Is Birdnesting The Best Way For You To Share Custody?
It’s tough being a child of divorce. A kid’s entire world changes, and they are completely powerless to do anything about it. Suddenly they find themselves filling backpacks with clothes, shoes, homework, and the like, hauling their possessions from one house to another as they rearrange their lives to accommodate parents who no longer live together. Is there an easier way?
A new trend that some divorcing couples are experimenting with some success is the concept of birdnesting—or just nesting for short. Across the United States, Europe, and other countries, the idea is changing the way families manage their visitation and custody. Instead of kids packing up to go from one house to another, the parents do. That’s right: kids stay put, and the parents cycle in and out of the family home.
Does it Benefit Kids?
Advocates of birdnesting say that allowing kids to remain in one home takes some of the frustration and change out of their lives. Additionally, they experience benefits from the process itself:
- They see their parents working to accommodate one another and modeling kindness and respect;
- They learn first-hand what cooperation is and learn that just because their parents’ marriage ended, their civility and willingness to collaborate for the sake of their kids did not;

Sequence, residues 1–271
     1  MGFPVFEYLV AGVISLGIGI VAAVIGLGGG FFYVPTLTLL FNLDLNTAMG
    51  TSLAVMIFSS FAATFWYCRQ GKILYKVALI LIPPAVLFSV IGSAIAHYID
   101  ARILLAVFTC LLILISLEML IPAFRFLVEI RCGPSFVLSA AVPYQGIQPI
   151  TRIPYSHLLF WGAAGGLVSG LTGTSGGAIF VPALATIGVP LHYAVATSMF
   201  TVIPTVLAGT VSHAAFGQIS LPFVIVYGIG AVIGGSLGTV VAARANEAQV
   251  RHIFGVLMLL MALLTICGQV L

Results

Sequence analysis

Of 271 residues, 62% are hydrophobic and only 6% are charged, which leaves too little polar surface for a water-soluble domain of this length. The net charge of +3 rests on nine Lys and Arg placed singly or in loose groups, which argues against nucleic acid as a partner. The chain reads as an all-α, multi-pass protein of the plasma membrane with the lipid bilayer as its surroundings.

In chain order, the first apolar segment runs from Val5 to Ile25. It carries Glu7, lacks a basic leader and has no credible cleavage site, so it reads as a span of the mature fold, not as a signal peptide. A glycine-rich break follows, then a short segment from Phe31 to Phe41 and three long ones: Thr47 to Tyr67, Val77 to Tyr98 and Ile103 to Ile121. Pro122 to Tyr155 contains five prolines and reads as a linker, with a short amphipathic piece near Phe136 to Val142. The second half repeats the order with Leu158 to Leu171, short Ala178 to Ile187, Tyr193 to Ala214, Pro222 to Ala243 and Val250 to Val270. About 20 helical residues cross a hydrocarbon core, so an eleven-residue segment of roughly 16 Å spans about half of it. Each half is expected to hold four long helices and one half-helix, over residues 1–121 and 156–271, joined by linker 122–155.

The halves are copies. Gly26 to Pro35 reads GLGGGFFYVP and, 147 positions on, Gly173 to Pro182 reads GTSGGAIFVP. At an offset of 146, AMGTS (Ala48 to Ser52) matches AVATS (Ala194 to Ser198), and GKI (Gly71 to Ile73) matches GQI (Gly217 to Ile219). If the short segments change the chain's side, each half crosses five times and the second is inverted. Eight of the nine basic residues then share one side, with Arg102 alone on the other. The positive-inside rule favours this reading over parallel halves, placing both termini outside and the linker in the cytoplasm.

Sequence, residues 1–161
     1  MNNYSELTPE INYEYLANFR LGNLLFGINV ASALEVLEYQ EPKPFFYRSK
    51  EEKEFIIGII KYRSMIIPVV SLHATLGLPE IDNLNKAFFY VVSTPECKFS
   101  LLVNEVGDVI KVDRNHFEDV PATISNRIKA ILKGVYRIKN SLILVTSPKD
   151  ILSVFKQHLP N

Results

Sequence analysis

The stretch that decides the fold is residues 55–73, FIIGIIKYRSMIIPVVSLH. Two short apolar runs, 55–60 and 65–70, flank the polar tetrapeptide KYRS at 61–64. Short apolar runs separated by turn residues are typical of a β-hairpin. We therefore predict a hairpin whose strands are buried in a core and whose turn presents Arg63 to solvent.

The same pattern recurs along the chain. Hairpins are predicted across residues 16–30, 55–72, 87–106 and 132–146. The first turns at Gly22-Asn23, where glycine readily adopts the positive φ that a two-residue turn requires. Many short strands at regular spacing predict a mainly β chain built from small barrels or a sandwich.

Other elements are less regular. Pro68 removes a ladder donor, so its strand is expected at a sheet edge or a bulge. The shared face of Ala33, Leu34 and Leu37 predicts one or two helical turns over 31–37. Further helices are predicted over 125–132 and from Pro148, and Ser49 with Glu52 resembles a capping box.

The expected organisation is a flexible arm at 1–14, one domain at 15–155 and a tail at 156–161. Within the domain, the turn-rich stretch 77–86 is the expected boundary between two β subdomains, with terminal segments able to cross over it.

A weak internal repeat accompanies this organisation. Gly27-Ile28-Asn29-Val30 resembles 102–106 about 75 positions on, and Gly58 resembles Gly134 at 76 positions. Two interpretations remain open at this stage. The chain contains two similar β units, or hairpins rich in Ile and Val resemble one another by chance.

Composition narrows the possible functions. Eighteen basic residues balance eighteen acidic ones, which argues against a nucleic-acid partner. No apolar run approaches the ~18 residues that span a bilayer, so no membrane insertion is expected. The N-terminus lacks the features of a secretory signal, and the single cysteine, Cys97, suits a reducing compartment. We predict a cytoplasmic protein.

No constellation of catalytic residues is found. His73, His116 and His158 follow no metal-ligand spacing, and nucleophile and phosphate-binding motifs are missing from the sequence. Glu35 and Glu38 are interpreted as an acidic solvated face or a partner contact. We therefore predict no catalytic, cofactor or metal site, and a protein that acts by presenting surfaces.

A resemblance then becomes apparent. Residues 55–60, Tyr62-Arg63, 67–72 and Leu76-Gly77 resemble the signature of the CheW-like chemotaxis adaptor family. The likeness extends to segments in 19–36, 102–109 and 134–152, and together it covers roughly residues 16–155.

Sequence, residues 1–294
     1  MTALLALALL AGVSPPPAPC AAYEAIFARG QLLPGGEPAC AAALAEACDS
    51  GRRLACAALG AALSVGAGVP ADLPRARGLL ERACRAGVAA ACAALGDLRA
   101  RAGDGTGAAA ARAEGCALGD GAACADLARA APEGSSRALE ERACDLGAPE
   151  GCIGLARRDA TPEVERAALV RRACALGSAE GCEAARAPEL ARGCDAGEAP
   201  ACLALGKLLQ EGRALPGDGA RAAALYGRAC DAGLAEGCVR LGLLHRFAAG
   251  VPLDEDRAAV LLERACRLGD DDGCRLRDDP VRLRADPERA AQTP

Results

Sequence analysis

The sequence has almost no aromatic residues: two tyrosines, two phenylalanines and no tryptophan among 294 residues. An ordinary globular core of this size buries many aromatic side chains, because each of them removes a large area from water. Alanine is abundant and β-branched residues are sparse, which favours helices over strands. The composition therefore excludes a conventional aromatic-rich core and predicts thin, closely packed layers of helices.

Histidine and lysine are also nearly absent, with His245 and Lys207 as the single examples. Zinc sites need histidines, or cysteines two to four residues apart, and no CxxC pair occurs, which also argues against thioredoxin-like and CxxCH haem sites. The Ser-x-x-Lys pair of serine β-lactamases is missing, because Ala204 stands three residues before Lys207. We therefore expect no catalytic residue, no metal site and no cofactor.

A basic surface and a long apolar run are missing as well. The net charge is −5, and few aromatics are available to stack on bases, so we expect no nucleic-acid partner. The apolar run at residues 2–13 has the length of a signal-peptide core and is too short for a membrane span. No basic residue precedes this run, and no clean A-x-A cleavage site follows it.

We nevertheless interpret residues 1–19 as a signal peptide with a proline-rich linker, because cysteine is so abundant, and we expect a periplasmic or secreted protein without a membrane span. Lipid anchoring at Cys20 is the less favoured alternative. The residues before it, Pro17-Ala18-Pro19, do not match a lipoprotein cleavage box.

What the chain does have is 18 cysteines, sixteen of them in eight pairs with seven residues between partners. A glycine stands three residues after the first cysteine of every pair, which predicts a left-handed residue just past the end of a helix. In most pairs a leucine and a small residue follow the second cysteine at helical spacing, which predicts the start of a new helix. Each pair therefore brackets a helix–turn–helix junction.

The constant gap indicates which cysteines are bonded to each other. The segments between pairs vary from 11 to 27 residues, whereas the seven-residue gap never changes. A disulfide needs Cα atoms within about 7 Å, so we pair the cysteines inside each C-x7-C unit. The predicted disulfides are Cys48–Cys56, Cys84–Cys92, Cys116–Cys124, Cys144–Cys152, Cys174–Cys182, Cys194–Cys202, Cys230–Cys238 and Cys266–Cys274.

- Each parent has the opportunity to enjoy time with the kids in a place that is comfortable and familiar;
- Kids don’t have the burden of trying to remember what to pack as they travel from house to house.
The experience of one parent who herself experienced birdnesting as a child demonstrates the emotional guardrails nesting provided for her. When her parents broached the topic of divorce with her at 11 years old, she remembers feeling devastated. But nesting allowed her to remain in something of a bubble for the experience, as her parents did all the heavy lifting.
How Long Can Nesting Go On?
Every situation is different, and there are some families who enjoy nesting for years with few issues. Clearly, the structure requires a lot of communication, adjustment, and accommodation. For some, it works well for just a year, or even a few months, which is enough of a cushion that kids have time to adjust to the divorce. Then they may wish to transition to a more traditional time-sharing structure, and find fewer bumps in the road there, too.
What do you Think?
Can you imagine the ways in which birdnesting might benefit you and your children in divorce? If so, setting some definite—as well as some flexible—guidelines for the process will be essential. At The Law Office of Hasson D. Barnes, our experienced Baltimore child custody attorneys can assist with this, and all of your divorce needs. Schedule a confidential consultation in our Baltimore office today.